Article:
Is Your Sports Drink Really Quenching Your Thirst and Replenishing Electrolytes?!

| In Nutrition For The Equestrian Athlete

Is Your Sports Drink Really Quenching Your Thirst and Replenishing Electrolytes?!

sports-drink-chart

Sports drinks touted as the beverage of athletes are nothing more than a quagmire of unhealthy ingredients most of which are considered carcinogenic. These so called refreshing beverages contain nothing more than a pinch of salt, a drop of potassium, additives and One Hundred Percent Processed Sugar.

Although these products are supposed to replenish electrolytes after exercising, in reality, they can actually cause an imbalance. Due to its inherent high sugar content, sports drinks have also been shown to cause obesity in children. As well, excessive sugar consumption shuts down our immune system for up to eight hours leaving our bodies susceptible to illness and disease including cancer.

The following are some of the ingredients found in sports drinks.

Water, Granulated Sugar (100%), Salt

Gum Arabic – Used as a thickener

Citric Acid – A sharp-tasting crystalline acid present in the juice of lemons and other sour fruits, made commercially by the fermentation of sugar and used as flavouring and setting agent.

Glycerol Ester of Rosin – To make the glycerol ester of wood rosin, refined wood rosin is reacted with glycerin to produce the glycerol ester. Glycerol ester of wood rosin is used as an alternative to brominated vegetable oil in citrus oil-flavoured soft drinks. In some cases both ingredients are used together

Brominated Vegetable Oil – BVO is used to stabilize the citrus flavour in many varieties of sports drinks.  BVO is used as an industrial flame retardant and has banned from food products in various countries. It has been reported that excess consumption of BVO can cause skin lesions, memory loss, tremors, fatigue, loss of muscle coordination, and headaches.

Sodium Citrate – May be referred to any of the sodium salts of citric acid such as Monosodium citrate, Disodium citrate and Trisodium citrate. Sodium citrates are used as acidity regulators in food and drinks and also as emulsifiers for oils. They enable cheeses to melt without becoming greasy.

Monopotassium Phosphate – A soluble salt of potassium used as a fertilizer, a food additive and a fungicide. It is a source of phosphorus and potassium. It is also a buffering agent.

High Fructose Corn Syrup (HFCS) – Also known as glucose, fructose, isoglucose and glucose fructose syrup which is a sweetener made from corn starch that has been processed by glucose isomerase to convert some of its glucose into fructose. As a sweetener, HFCS is often consider even more of a health concern than granulated sugar and has been linked to obesity. Advantages of HFCS over granulated sugar include being easier to handle, and being less expensive in some countries.

Dextrose – Dextrose, a form of glucose (sugar) derived from starches. It is one of the most commonly used ingredients in packaged foods because of its affordability and wide availability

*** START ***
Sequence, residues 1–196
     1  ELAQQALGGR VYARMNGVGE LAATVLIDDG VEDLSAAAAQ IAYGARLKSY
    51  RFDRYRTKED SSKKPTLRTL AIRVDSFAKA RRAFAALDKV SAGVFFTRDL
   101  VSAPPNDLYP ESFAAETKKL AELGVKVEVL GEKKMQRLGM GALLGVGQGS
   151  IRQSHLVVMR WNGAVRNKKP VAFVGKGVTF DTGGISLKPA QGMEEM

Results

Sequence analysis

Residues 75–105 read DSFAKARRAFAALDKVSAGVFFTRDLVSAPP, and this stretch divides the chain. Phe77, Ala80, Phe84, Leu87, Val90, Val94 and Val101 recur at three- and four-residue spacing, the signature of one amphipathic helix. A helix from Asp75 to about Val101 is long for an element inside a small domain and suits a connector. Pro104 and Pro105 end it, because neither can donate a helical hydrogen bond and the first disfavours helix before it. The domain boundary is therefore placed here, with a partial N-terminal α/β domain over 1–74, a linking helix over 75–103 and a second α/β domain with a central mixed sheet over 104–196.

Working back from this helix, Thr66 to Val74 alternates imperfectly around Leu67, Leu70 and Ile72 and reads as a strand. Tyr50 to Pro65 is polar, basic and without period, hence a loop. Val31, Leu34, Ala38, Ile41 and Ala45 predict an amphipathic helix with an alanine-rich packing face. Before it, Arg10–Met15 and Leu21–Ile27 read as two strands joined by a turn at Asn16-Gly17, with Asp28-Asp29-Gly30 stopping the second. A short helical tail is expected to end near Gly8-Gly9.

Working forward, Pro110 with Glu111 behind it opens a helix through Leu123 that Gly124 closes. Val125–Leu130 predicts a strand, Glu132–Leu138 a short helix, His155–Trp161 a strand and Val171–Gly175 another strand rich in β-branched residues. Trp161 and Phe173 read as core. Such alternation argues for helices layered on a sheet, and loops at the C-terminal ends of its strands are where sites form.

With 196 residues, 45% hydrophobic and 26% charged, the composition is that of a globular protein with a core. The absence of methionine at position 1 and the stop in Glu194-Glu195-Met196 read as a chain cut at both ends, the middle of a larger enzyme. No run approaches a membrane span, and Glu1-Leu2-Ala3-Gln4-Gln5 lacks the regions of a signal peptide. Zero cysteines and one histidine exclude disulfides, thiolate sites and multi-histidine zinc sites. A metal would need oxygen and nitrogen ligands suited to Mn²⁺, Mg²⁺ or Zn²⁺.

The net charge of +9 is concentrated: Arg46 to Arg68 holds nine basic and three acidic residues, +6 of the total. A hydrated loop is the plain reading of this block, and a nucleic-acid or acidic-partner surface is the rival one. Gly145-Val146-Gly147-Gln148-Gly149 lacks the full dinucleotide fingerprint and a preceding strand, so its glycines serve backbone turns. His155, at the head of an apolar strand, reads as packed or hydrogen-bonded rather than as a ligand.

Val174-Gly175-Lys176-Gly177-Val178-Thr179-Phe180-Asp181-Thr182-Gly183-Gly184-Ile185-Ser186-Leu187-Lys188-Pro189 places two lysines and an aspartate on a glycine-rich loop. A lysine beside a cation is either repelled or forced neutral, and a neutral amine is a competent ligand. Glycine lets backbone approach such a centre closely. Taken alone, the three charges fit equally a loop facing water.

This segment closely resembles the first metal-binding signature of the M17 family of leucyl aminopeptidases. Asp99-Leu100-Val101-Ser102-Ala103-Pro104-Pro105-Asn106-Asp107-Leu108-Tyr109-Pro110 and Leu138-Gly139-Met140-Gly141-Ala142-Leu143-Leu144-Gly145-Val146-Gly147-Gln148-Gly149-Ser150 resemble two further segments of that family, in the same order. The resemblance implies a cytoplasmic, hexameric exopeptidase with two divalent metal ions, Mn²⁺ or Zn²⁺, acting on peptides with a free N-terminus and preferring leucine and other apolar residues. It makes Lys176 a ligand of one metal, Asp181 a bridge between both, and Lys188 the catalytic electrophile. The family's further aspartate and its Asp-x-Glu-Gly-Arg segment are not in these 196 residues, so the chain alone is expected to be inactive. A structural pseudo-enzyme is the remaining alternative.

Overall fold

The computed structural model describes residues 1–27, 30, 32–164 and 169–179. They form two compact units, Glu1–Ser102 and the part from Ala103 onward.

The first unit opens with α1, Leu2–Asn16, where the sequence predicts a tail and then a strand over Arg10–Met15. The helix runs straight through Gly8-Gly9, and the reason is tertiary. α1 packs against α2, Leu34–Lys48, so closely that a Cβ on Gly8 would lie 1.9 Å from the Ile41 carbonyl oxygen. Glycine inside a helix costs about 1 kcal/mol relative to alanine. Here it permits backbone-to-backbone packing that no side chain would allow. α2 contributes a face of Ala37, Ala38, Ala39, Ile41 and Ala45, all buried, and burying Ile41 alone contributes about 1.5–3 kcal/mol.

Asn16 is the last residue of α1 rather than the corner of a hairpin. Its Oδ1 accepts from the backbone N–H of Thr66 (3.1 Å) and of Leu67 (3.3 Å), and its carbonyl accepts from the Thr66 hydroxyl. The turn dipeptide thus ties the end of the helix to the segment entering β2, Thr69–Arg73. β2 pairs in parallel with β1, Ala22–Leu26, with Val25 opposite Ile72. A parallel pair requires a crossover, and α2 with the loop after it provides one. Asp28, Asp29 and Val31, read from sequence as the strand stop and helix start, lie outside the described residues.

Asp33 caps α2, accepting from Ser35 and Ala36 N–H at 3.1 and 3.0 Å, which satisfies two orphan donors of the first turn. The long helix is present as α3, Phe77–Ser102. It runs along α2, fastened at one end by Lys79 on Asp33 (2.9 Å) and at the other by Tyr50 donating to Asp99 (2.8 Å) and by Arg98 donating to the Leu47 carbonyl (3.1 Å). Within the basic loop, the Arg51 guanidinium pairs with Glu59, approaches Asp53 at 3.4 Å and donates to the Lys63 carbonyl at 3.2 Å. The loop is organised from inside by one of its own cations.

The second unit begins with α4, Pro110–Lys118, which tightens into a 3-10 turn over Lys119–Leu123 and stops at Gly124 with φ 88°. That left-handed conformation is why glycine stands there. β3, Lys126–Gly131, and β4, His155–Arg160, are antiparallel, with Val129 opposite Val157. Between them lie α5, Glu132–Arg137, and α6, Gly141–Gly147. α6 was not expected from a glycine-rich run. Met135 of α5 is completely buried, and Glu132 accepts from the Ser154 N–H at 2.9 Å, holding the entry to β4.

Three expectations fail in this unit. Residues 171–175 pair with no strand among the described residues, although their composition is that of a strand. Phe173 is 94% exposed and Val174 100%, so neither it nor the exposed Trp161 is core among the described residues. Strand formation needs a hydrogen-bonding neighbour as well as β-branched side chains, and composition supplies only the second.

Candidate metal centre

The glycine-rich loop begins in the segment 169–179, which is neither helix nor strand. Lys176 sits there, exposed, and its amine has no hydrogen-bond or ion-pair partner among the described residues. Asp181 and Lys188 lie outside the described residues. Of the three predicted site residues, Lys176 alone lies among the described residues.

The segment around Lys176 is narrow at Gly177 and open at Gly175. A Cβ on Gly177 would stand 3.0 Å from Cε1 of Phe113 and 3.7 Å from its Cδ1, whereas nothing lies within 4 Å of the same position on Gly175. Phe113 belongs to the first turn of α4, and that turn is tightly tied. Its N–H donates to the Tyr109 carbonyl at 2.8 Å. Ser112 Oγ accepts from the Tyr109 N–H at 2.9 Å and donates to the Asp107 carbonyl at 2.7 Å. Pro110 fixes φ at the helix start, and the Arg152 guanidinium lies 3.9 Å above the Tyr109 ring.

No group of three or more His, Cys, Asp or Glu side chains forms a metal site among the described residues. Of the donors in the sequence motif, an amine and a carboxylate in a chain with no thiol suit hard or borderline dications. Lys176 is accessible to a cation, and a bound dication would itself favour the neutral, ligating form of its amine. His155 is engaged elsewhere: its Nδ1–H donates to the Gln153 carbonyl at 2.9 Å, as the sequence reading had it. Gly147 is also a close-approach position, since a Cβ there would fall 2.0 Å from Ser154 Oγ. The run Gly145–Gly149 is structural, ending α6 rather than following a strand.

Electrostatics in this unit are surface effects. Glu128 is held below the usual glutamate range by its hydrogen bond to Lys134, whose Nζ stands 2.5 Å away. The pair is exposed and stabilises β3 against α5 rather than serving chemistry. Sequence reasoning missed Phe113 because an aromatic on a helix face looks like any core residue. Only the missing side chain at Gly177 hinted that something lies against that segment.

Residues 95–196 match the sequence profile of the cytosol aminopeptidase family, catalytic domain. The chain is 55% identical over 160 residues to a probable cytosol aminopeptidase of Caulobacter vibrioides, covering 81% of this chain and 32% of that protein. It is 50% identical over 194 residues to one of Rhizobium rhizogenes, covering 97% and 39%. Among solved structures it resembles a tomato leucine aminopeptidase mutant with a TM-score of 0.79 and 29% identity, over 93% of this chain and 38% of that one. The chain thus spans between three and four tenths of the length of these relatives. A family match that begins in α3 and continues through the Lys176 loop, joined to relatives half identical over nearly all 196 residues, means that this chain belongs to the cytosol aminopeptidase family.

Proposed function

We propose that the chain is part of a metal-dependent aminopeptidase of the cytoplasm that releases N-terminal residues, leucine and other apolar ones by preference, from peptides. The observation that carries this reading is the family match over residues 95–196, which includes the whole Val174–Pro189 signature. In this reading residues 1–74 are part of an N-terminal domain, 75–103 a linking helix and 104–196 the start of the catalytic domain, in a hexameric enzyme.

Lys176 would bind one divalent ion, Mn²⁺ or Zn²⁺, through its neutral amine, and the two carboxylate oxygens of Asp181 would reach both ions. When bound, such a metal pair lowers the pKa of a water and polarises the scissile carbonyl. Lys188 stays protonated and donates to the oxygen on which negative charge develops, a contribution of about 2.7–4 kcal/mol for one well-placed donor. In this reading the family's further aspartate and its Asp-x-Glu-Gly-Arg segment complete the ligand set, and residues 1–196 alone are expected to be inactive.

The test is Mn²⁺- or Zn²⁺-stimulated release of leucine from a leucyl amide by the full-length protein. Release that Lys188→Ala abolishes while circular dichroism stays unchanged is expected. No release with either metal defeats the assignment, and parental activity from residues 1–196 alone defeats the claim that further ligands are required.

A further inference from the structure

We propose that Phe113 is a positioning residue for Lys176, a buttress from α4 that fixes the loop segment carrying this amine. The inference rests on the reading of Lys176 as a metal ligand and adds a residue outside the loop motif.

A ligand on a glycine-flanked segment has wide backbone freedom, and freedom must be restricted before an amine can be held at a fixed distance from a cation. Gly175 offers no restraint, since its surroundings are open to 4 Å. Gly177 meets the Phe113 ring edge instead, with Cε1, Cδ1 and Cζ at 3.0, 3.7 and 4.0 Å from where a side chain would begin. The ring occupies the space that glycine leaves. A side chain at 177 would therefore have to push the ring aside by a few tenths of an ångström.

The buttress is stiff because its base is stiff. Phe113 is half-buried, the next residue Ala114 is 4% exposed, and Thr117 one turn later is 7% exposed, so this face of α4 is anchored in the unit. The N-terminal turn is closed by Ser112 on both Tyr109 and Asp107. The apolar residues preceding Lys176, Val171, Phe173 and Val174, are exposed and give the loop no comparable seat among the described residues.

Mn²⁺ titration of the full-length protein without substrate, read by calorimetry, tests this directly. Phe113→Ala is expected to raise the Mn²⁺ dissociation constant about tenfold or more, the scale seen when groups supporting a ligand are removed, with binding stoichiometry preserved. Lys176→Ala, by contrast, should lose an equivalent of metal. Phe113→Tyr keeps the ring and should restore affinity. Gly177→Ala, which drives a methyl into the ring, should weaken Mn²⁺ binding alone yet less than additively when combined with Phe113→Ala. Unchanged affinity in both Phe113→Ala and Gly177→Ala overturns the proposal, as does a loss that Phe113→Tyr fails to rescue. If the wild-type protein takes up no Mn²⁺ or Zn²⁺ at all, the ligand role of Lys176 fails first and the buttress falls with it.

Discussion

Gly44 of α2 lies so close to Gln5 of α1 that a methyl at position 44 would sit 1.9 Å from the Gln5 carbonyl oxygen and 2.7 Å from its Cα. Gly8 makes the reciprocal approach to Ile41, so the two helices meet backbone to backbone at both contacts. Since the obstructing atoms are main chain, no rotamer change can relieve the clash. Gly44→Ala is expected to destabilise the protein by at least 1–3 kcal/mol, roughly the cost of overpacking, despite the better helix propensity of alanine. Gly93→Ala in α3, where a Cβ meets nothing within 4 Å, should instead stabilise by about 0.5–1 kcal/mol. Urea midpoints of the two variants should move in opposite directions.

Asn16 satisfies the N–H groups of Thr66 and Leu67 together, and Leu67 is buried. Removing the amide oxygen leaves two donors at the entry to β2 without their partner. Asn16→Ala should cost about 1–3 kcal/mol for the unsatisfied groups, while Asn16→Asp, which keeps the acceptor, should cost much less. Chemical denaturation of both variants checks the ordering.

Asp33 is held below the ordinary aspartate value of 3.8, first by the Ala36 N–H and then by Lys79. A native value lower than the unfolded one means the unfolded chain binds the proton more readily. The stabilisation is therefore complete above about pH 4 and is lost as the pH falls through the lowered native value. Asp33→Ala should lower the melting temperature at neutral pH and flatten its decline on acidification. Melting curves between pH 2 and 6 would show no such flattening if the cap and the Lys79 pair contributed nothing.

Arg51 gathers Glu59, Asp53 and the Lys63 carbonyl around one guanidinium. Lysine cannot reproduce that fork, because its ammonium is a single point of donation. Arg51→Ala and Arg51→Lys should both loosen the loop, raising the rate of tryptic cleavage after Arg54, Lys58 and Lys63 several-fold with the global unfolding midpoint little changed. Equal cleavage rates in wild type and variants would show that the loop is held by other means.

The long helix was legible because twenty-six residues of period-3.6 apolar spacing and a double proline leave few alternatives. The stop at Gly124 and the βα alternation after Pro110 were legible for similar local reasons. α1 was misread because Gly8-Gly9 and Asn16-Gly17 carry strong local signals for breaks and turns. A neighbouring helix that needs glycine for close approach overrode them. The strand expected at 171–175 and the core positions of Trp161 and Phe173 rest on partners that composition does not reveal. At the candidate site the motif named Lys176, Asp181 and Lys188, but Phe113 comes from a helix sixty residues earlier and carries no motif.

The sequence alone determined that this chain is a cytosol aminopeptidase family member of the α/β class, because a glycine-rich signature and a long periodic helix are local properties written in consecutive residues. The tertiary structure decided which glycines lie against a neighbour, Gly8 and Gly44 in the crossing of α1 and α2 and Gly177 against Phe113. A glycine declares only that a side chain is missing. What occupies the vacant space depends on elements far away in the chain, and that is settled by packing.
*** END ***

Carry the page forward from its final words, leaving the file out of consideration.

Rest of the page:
Sucrose Acetate Isobutyrate – A clear liquid food additive that works as an emulsifier, which means it helps mix water and fat. More specifically, the food additive helps distribute and suspend the flavour oils in a drink. It’s made by combining sucrose, which is sugar, with the chemicals acetic anhydride and isobutyric anhydride. Sucrose acetate isobutyrate is odourless but has a bitter aftertaste if used in high amounts

Colorants (Food Coloring) – Although commonly used in foods, drugs, cosmetics and medical devices, studies have shown that dyes contain known carcinogens and contaminants that unnecessarily increase the risks of cancer, hyperactivity in children and allergic reactions. Common ingredients in food coloring may include Corn Syrup, Glycerin (found in soap), High Glucose Fructose, Granulated Sugar, Sorbitol (artificial sweetener known to be a carcinogen), Yellow #5 and #6, Red #3 and #40, Blue #1 and #2, Sodium Benzoate (used as a preservative), Potassium Sorbate (used as a preservative) Agar Gum (thickener) and Carrageenan (Carrageenan is extracted from red edible seaweeds, commonly referred to as Irish Moss. Although widely used in the food industry for their gelling, thickening, and stabilizing properties carrageenan can cause stomach upset and is regarded as a carcinogen), just to name a few.

Please note that a Carcinogen is any substance or agent that tends to cause cancer.

Yummy! Now you know why I do not recommend these products. Try drinking water after exercising or prepare your own homemade sports drink using three simple ingredients:

  1. Fluid to rehydrate / 500 ml water
  2. Carbohydrates such as real, all natural, fruit juice for energy / 500 ml 
  3. Electrolytes for loss of sodium and potassium / pinch of salt

Dissolve a pinch of salt in 500 ml warm water than add the 500 ml juice, mix and enjoy.

Be creative, for a dash of color try adding spinach juice, beet juice, pomegranate juice etc…

 “Achieve Peak Performance Through Optimum Nutrition!” – Ian Harris

Ian can be reached at ian@ianharris.ca. You can also follow his nutrition tips on Facebook at: https://www.facebook.com/nutritionequestrianathlete or visit http://www.ianharris.ca/